Post-deployment usability evaluation of a radiology workstation

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To evaluate the usability of a radiology workstation after deployment in a hospital.

In radiology, it is difficult to perform valid pre-deployment usability evaluations due to the heterogeneity of the user group, the complexity of the radiological workflow, and the complexity of the IT infrastructure in which the workstation has to be embedded. Despite pre-deployment usability engineering efforts, it is therefore likely that usability issues occur when the workstation is used in clinical practice. There are currently no studies that provide insight into the number and nature of usability issues radiologists encounter in clinical practice.

The workstation evaluated in this study consists of three integrated components: an image viewer, a workflow manager and a report editor with speech recognition. The workstation vendor states that the workstation was developed according to the principles of usability engineering.
Twelve radiologists with different specializations participated in this study. A semi-structured interview was used to assess their general opinion about the workstation and to identify the main usability issues they encounter. After the interview, participants were asked to perform their daily work and to vocalize the steps they were taking (think-aloud protocol). They were asked to illustrate usability issues as they were encountered. Video recordings of the screen were made during the observation.
Usability issues were identified and divided into five categories: image arrangement/display, image interaction, workflow, report dictation, and miscellaneous. Positive usability findings were also documented. Excerpts were taken from the video recordings to illustrate the more complex findings.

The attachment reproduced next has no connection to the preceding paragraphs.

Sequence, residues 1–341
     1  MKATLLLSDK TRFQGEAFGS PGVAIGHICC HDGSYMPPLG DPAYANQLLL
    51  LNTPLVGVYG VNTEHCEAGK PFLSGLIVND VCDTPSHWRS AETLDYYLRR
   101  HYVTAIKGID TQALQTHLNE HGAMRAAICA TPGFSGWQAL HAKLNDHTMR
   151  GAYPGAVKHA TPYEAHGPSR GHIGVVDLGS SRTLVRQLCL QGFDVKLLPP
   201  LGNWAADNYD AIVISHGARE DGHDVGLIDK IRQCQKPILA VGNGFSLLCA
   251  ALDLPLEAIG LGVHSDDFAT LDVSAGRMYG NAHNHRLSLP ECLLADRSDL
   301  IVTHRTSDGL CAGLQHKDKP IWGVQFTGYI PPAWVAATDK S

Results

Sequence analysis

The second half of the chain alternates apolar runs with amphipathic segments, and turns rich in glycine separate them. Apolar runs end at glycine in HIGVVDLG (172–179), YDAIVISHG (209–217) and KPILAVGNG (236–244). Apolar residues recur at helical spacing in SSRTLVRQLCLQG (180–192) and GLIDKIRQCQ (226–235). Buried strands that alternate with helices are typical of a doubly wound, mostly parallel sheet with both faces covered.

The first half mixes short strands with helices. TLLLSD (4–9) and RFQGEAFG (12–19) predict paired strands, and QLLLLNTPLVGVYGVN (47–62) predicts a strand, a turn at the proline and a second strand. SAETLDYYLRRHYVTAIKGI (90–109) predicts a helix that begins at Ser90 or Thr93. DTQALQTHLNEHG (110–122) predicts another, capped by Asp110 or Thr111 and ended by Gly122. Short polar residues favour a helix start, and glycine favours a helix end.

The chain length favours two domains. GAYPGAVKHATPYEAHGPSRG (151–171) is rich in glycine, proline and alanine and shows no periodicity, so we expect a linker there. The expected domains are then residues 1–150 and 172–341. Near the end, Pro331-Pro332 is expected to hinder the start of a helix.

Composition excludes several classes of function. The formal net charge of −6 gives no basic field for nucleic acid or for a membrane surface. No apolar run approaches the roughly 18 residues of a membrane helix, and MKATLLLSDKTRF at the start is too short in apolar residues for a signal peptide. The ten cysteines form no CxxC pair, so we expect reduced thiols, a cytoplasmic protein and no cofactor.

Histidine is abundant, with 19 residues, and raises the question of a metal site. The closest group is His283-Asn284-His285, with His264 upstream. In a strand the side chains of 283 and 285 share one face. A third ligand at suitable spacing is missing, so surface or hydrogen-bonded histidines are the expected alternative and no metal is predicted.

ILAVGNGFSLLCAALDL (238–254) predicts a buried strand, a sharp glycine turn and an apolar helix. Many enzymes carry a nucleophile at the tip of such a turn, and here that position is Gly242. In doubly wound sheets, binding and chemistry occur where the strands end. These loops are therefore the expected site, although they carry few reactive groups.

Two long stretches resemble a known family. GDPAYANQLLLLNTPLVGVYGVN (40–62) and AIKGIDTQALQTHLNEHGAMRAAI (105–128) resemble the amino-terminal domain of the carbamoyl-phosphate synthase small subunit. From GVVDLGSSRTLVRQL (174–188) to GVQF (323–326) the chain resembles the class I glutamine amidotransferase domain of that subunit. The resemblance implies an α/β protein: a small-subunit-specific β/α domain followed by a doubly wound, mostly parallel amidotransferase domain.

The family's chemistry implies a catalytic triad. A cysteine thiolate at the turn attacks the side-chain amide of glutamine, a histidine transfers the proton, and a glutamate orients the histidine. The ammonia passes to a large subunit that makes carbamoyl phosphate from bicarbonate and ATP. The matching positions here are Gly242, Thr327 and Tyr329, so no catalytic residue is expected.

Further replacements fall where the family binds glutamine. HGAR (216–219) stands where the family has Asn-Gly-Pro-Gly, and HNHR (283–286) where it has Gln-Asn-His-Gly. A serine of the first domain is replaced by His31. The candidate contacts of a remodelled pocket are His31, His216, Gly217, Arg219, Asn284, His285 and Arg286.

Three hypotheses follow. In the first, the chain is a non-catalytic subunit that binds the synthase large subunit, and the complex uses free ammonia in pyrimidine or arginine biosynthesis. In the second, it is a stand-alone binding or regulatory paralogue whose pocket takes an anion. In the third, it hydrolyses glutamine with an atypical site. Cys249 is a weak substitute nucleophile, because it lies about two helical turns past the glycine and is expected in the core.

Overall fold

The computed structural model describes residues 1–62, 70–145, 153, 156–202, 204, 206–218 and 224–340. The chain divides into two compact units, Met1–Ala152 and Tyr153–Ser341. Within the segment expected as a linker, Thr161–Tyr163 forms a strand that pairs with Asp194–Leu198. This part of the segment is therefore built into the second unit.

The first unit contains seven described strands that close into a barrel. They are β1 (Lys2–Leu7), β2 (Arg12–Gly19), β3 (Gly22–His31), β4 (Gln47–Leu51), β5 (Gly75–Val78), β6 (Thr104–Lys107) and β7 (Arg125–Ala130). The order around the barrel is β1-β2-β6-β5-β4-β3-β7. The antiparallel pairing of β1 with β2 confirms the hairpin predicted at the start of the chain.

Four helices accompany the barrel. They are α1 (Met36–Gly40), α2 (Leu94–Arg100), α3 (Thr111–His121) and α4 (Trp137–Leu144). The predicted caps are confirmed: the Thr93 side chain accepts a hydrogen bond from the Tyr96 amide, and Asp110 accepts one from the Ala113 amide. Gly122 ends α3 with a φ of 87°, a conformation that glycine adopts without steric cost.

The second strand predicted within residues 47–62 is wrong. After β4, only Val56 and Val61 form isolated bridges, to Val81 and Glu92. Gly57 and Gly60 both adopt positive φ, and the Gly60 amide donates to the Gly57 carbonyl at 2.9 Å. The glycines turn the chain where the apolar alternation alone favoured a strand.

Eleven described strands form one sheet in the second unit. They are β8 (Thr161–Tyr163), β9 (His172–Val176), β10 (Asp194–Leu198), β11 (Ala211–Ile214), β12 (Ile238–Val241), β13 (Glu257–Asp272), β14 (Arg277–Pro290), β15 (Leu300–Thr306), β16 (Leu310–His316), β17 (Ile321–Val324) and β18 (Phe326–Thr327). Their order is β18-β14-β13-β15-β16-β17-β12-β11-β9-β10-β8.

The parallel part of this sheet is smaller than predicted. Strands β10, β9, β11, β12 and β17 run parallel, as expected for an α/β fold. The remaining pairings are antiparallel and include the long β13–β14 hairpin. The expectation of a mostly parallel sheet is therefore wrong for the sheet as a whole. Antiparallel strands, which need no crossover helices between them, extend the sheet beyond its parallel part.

Each issue was given a severity rating according to the following formula: severity = impact on the user experience (1 = low, 2 = medium, 3 = high) + predicted frequency of occurrence (1 = low, 2 = medium, 3 = high). A severity rating of 2 was considered low, 3 to 4 medium and 5 to 6 high.

Overall, radiologists were moderately satisfied with the workstation, giving it a mean rating of 6.7 out of 10 (range: 6 – 8).
15 positive usability findings were identified, ranging from useful functionalities to interface elements that enable fast workflow patterns.
91 usability issues were identified (14 high, 44 medium, 33 low severity), ranging from issues that cause minor frustration or delay, to issues that cause significant delays or even prevent users from completing tasks. Four issues even pose a potential threat to patient safety.
15 issues were related to image arrangement/display (4 high, 8 medium, 3 low severity), 23 to image interaction (4 high, 8 medium, 11 low severity), 18 to report dictation (3 high, 10 medium, 5 low severity), 23 to workflow (3 high, 11 medium, 9 low severity), and 12 were miscellaneous (7 medium, 5 low severity).

Radiologists encounter a wide variety of usability issues when using the workstation in clinical practice. In addition to pre-deployment usability activities, radiology workstation vendors should devote significant resources to post-deployment usability evaluations in order to identify and fix usability problems that were not discovered in the pre-deployment phase.
Original languageEnglish
Title of host publication6th International Conference on Applied Human Factors and Ergonomics (AHFE 2015) and the Affiliated Conferences
Publication statusPublished - 2015

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